Coalition’s ‘arbitrary’ tax cap will force future spending cuts, thinktank warns

Exclusive: Australia Institute says debates about funding what people need should not be decided by limits and targets

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The treasurer, Scott Morrison, describes it as the “speed limit” on taxes but a new paper says the Coalition’s 23.9% tax-to-GDP cap is an “arbitrary” limit that will push the government to make austerity cuts to fund new programs.

While a dramatic improvement in revenues has given the Coalition room to ditch the planned $8bn Medicare levy increase and offer income-tax cuts, the Australia Institute has warned in a briefing note that the combination of a limit on tax and a surplus target will necessitate spending cuts in future.

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Medicare change to give greater dialysis access to remote Indigenous Australians

Move is welcomed as a lifeline for the growing health crisis of Indigenous kidney disease

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The federal government has added dialysis services to the Medicare Benefits Schedule (MBS) to provide remote-living Aboriginal and Torres Strait Islander people better access to lifesaving treatment.

The sector has welcomed the move as a lifeline for the growing health crisis of Indigenous kidney disease, which has had to rely on private donations and fundraising to provide care because of inadequate government funding.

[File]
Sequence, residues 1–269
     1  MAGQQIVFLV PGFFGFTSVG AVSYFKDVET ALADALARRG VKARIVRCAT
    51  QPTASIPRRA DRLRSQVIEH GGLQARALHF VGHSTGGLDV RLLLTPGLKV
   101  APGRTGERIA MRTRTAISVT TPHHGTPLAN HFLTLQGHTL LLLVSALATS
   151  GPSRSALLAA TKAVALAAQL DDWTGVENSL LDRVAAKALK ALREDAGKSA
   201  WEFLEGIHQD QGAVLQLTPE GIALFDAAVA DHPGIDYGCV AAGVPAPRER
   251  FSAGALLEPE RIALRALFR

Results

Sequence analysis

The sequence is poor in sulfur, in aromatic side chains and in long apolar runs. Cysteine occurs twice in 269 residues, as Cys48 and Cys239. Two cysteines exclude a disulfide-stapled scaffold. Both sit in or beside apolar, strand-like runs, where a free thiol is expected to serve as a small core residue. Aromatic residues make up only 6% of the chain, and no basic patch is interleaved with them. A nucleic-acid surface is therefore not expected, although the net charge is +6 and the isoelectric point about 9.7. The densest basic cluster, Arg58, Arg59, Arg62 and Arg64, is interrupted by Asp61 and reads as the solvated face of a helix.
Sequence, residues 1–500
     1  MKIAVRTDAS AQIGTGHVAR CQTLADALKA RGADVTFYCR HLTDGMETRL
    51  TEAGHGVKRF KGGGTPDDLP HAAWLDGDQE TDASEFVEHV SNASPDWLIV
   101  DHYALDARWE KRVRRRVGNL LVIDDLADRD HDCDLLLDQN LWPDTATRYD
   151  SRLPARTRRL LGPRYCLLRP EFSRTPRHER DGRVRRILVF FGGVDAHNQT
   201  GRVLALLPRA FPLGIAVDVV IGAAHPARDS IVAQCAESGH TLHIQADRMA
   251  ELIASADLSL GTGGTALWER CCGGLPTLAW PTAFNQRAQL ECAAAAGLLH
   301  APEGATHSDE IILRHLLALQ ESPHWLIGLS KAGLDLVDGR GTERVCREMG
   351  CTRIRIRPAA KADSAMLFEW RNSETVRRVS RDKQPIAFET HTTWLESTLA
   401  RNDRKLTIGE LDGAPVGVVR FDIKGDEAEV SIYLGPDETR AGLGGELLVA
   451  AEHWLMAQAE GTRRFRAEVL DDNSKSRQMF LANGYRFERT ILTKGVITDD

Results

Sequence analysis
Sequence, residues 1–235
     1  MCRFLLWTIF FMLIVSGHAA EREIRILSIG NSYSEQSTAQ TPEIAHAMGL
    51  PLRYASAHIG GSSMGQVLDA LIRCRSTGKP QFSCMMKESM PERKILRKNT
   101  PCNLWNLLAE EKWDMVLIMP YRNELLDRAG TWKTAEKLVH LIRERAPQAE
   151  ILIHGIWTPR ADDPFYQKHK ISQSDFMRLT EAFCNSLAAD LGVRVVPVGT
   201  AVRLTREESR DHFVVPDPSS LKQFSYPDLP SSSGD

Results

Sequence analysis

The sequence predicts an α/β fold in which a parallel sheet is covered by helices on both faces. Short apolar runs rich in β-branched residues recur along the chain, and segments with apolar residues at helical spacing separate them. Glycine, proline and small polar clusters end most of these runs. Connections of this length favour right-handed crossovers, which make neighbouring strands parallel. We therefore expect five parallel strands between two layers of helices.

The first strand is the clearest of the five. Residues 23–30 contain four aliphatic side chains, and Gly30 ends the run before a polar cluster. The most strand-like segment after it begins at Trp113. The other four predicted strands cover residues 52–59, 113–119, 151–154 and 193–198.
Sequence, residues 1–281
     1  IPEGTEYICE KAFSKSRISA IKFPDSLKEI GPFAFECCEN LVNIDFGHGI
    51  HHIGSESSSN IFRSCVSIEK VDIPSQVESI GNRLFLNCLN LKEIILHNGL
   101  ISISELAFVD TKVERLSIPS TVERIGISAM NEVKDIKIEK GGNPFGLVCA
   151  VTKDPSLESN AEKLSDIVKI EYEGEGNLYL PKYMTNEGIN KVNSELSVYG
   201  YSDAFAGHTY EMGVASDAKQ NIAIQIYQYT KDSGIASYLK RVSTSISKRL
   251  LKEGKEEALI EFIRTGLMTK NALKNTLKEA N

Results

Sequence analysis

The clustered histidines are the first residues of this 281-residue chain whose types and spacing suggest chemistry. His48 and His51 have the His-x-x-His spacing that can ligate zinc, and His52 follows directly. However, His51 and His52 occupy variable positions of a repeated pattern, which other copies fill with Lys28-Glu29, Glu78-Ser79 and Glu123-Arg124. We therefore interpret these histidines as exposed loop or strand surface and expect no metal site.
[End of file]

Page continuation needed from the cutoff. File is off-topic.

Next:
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Government ditches planned $8bn rise in Medicare levy

Scott Morrison will outline plans to forgo revenue intended to fund NDIS but says government can still fund program

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The Turnbull government will use the looming May budget to dump plans to increase the Medicare levy to fund the national disability insurance scheme, in a shift intended to reframe the tax debate before the next election.

Scott Morrison will use a speech to business economists on Thursday to confirm the about face on a measure the government outlined in the 2017 budget.

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Illinois primary election: anti-abortion Democrat wins close congressional fight

Seven-term incumbent Dan Lipinski faced first serious challenge from progressive Marie Newman, who has refused to concede

Incumbent Democrat Dan Lipinski won a narrow victory after a fierce challenge from progressive Marie Newman on Tuesday in Illinois’s third congressional district. With 95% of the vote reporting, Lipinski, one of the few remaining anti-abortion Democrats on Capitol Hill, edged out Newman by 51% to 49%.

A seven-term incumbent, Lipinski had not faced a serious challenge in a decade. However, in a district that backed Hillary Clinton by 15 points in 2016, he faced criticism not just for his views on abortion but his opposition to the Affordable Care Act and refusal to endorse Barack Obama in 2012.

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Norfolk Islanders go to UN to fight Australia over right to self-govern

Human rights lawyer Geoffrey Robertson launches legal challenge on behalf of islanders, who say they are a distinct ethnic group